White's lawyer, Nicole Thompson, has received the "right to sue" letter from the EEOC and is currently in the process of filing a lawsuit demanding compensatory and punitive damages of $140,000 and $45,000, respectively, and requiring the company to post notice of the agreement as well as providing training on HIV/AIDS and the Americans with Disabilities Act.

This extreme case of HIV discrimination and gross violation of the Americans with Disabilities Act is absolutely unacceptable. Every reputable medical establishment in the U.S., including the United States Centers for Disease Control, agrees that HIV/AIDS is not transmitted by casual contact.

And so it goes:

Tuesday, December 13, 2011

It's over..all over!

The semester from hell has finally mercifully ended.  Likely taking with it my teaching job.  About which I have mixed feelings. 

I love teaching, it's that job I'd do for free, and nearly did for four years, the pay being what it is.  So, financial issues aside it seems I'll be looking for a new one.  It's possible that my remaining class could make without anyone's assistance and that would be fine, but I say the tyrant I've worked for this past few years will see to it that it doesn't.  C'est la vie.  I won't miss the constant concern that he'll go indiscriminately crazy on me over nothing.  Which in itself will be a relief.

It's time to turn my attention to the things that mean the most to me.  My new house, my personal life, and finding new opportunities with my pottery.  All of which bring me great joy.  So such things as defining myself by what I do become less and less important.

The Presidential election is coming sooner than we think, the OWS folks are starting to really make noise, which is good and necessary, and the battle for civil rights for all people seems never to end.  So my talents and abilities can still be put to good use.

Today the concerns are small, to make the kitchen sink finally work in the house.  I've been remiss in getting to it and things are getting dependent on it so I'll be doing that in a few minutes.  Then it's getting things unpacked and pictures hung and readying the house for my annual holiday dinner this Saturday.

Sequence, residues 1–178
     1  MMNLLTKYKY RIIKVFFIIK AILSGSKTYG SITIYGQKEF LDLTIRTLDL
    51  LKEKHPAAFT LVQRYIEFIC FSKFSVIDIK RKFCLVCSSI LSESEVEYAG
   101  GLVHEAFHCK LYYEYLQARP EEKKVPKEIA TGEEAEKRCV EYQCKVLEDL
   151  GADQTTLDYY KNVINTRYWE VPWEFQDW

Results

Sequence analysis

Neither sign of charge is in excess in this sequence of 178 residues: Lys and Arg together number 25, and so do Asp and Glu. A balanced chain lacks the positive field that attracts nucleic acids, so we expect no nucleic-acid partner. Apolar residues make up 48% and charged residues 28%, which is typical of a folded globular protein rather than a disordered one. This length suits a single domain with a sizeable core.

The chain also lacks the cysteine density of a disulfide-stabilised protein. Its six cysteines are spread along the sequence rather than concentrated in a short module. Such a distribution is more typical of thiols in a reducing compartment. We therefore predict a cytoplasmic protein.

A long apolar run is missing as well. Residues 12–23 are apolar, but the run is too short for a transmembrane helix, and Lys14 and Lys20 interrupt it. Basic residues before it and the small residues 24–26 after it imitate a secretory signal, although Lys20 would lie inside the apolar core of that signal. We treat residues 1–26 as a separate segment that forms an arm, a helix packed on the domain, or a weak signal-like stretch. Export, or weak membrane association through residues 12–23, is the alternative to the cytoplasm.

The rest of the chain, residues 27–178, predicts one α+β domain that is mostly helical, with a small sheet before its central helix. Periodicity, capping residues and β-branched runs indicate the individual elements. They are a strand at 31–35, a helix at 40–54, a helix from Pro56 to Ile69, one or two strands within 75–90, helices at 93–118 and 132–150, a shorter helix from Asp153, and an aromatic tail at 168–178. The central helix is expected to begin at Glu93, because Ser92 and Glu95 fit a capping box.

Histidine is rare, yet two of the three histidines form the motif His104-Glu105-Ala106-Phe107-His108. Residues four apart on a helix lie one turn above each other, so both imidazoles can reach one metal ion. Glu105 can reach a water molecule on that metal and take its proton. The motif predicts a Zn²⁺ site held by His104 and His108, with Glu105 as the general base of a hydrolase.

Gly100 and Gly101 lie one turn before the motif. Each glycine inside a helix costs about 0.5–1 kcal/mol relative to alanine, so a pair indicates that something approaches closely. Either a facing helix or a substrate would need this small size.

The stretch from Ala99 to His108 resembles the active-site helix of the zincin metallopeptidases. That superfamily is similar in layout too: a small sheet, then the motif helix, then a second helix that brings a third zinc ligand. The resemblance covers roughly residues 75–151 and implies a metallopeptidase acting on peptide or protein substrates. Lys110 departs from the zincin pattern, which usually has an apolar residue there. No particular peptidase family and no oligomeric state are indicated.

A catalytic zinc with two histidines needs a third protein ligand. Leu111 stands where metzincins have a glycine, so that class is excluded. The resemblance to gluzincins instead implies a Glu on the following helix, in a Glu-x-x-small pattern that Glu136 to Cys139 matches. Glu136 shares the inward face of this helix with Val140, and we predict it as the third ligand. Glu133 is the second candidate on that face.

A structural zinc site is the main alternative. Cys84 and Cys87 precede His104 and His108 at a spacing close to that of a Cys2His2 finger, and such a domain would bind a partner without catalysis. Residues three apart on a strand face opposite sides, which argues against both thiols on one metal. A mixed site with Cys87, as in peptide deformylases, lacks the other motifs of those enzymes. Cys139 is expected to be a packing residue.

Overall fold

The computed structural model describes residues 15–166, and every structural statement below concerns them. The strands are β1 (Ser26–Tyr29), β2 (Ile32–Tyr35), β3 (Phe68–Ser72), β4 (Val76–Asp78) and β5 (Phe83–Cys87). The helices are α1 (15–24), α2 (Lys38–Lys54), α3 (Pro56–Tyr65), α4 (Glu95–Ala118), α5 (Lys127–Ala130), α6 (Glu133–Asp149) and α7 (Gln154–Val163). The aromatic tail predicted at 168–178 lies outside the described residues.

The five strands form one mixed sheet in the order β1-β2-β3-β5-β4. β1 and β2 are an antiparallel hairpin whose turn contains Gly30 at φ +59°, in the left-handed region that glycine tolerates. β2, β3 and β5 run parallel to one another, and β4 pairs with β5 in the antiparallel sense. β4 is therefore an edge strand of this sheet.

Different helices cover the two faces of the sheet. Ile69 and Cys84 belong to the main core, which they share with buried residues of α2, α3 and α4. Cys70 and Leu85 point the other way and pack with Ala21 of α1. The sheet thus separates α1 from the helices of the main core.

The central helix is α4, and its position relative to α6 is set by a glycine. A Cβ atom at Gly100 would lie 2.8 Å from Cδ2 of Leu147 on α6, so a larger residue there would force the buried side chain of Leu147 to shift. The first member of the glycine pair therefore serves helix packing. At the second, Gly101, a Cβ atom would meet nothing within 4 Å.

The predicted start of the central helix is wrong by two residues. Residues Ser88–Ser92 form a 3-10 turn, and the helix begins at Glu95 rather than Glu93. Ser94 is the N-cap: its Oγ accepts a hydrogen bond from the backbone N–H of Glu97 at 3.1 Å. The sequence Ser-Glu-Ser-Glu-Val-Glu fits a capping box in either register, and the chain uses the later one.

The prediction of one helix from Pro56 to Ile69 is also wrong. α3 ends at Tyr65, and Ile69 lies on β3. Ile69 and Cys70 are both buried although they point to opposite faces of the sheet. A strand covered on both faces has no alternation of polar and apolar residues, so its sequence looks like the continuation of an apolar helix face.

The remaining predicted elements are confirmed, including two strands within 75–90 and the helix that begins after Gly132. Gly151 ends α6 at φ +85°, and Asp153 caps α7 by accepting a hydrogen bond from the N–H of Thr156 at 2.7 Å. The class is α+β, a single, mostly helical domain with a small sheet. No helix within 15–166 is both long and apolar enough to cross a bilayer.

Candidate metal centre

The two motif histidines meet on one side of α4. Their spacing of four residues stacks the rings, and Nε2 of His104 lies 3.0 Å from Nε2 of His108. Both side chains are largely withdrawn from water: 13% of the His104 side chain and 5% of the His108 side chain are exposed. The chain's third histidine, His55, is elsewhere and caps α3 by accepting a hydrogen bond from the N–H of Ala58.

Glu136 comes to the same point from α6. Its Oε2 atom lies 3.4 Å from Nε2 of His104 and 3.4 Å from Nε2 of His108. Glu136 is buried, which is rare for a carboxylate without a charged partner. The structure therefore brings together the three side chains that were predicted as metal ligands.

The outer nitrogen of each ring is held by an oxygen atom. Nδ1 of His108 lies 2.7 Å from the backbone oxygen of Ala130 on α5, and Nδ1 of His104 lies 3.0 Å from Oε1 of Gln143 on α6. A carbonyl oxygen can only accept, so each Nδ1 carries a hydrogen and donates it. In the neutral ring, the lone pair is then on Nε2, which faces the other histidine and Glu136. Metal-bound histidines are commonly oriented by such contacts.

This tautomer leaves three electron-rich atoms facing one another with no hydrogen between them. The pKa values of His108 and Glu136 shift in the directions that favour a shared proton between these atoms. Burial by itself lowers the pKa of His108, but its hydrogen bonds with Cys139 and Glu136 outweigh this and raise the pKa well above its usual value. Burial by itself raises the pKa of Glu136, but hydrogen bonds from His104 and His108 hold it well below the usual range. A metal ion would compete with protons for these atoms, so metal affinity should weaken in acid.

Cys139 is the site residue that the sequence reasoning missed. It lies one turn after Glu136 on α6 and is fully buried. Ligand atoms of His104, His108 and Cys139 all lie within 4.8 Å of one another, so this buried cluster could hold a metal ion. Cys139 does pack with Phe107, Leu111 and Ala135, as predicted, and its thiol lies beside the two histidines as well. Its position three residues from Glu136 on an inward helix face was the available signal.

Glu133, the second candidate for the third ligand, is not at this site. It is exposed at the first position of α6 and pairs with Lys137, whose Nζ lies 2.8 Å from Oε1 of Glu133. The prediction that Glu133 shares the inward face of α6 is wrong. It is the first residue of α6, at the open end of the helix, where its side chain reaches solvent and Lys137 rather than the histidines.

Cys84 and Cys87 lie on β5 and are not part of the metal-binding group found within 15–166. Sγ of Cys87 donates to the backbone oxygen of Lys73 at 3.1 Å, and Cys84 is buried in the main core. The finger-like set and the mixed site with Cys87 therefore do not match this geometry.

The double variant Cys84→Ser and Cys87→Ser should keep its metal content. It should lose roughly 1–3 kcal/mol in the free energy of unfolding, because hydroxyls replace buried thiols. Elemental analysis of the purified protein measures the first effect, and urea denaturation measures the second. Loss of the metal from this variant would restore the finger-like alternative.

Thanks go to my students who, though mostly unprepared for last nights final, i.e. very few of them had their lines memorized, were game and used their nerves to make their work in class the best they could do.  The goal of the class is to give them a taste of what it's like for us as actors and directors to make an audition piece and a production come together, and I think they not only came to an understanding of that process but enjoyed the class as well. 

Blogging has been and will continue to be spotty until things settle down after the holidays but I'll try my best to keep up.

And so it goes.

Friday, December 9, 2011

Tuesday, December 6, 2011


We've bought the notion that if it's unusual or something we don't understand it's bad.

We've been conditioned by years of insisting that those that tell us of our existence and how it should be will tell us in terms that we easily understand, and always assuredly do it by comforting us, telling us that the way things are is the way they should be.

That's not necessarily so.  But we also play into that silly notion too.  Apparently someone in Leesburg, VA (go figure) put up a skeleton Santa on the lawn of the Loudon county  couruthouse and got the reaction I'm sure they were after.

But the real problem is that athiests are almost always portrayed in our media as raving nutbags who want to nail skeleton santa's to a cross and put them on the courthouse lawn. 

I'm an athiest, and i have no such wish.  I'm an athiest and I want to be able to believe what I believe without anyone tellin me I'm wrong or crazy or invalid.  But I intend to give them the same accomodation, not such outrageousness as this:

The skeleton in a Santa suit didn't survive for long outside the Loudoun County courthouse lawn, but it generated plenty of controversy in Leesburg, Va.